Germann: Plea agreements resolve cases quickly, saving immense amounts of time and money. Yet they can confound justice if complacency replaces diligence, simply to avoid the hard work of a trial, which is totally unacceptable. In serious cases plea agreements may be inappropriate because the interests of protecting our community outweigh the shortcut of an agreement. I think, too, a prosecutor must be vigilant not to seek a plea when there are serious questions about an accused’s guilt or innocence. Sometimes a client may accept an agreement just to be released from jail sooner rather than wait months for a trial.

(8) Republicans and Democrats often have different philosophies on certain hot-button law-and-order issues: profiling, drug enforcement, incarceration, capital punishment. Would there be, in your view, any real difference in Porter County between a Republican prosecutor and a Democrat prosecutor? (75 words)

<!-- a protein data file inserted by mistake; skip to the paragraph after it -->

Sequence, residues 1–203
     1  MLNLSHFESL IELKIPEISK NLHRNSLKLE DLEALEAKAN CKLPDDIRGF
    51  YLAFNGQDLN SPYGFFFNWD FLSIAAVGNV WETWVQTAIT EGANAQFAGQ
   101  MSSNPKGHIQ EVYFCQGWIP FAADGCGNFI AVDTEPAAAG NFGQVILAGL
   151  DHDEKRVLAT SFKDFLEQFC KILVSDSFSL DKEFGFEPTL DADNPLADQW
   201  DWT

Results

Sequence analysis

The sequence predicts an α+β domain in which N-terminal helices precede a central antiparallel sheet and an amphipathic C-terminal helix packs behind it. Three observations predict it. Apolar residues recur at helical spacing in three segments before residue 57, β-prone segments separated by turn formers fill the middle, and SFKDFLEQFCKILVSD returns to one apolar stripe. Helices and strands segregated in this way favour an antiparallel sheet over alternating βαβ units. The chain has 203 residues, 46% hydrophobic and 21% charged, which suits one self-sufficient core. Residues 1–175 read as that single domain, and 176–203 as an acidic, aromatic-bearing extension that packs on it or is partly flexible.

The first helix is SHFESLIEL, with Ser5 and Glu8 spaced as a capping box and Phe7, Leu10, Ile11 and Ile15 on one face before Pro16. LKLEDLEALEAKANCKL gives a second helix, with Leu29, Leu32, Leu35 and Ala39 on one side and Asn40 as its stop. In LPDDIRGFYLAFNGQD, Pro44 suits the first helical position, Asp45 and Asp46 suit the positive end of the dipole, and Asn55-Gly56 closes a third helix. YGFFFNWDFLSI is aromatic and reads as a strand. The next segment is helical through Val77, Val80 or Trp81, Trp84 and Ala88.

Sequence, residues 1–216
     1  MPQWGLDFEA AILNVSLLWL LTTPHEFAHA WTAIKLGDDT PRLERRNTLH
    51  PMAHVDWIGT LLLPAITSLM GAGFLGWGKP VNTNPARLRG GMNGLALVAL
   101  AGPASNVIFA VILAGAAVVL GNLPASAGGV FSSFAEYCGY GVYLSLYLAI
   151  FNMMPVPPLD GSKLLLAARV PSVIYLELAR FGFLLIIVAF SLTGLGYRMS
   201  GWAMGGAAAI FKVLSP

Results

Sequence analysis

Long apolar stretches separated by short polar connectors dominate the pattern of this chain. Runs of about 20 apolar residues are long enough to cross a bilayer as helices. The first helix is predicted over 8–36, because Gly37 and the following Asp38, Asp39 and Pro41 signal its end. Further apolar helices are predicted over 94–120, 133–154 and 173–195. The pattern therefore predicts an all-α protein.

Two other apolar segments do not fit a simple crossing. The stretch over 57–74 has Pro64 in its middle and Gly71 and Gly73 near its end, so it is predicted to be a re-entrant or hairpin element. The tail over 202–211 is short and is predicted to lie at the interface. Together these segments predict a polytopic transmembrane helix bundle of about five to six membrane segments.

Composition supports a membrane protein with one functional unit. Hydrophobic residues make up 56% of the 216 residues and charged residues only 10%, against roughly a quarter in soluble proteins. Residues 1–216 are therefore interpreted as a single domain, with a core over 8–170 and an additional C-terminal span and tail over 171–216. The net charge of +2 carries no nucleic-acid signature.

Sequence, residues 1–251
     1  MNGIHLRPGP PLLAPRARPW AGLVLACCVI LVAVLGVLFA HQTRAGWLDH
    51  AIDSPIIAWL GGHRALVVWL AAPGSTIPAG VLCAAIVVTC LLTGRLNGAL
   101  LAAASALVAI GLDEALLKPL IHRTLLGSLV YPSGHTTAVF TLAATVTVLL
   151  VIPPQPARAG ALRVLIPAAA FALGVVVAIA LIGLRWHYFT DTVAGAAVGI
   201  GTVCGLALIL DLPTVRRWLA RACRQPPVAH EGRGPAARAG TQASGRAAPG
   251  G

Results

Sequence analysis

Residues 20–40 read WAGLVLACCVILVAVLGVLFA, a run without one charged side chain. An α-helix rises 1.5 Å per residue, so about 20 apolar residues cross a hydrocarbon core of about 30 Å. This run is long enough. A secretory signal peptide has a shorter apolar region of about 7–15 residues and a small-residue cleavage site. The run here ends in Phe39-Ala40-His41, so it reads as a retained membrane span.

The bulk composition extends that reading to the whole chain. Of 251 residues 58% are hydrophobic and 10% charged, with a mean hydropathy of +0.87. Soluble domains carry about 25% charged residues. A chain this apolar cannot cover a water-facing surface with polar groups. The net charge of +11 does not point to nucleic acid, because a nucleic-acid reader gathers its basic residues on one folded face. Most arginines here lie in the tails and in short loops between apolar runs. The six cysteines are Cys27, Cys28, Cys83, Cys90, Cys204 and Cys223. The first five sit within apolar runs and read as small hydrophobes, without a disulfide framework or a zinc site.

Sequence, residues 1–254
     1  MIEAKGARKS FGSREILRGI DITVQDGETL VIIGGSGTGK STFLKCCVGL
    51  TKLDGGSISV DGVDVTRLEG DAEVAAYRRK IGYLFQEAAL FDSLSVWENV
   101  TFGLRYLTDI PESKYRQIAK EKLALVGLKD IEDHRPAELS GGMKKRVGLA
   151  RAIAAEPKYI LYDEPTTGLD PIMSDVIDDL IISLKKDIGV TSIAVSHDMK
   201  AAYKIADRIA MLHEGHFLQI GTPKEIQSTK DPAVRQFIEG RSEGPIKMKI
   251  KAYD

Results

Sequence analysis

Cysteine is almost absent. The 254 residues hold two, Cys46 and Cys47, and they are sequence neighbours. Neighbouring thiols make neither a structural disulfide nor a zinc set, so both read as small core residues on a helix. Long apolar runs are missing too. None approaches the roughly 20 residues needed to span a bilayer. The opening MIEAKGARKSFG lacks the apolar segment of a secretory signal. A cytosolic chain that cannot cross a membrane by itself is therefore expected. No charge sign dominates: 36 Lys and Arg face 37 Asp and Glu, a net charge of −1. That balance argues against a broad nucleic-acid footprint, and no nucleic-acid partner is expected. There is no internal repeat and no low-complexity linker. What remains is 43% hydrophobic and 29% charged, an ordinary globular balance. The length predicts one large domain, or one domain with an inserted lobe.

Gensel: A prosecutor should never base decisions on political affiliations. My philosophy is that communities are kept safest when experienced prosecutors partner with skilled law enforcement to seek justice. I believe the death penalty should be reserved for the worst killers and that non-violent drug offenders should be provided with opportunities for rehabilitation. If re-elected, I will continue to apply these principles to keep Porter County a place where people want to raise families.

Germann: A national party label has little to do with any local candidate’s philosophy. The criminal justice system is anchored by the effectiveness of a prosecuting attorney whose strict adherence to blind justice is an absolute must. Impartiality should be applied without regard to party, wealth, power, or status. Our laws have been written by legislators of both parties and all races, religions, and backgrounds. Those laws should be enforced in the same fashion for everyone.


Posted 10/2/2018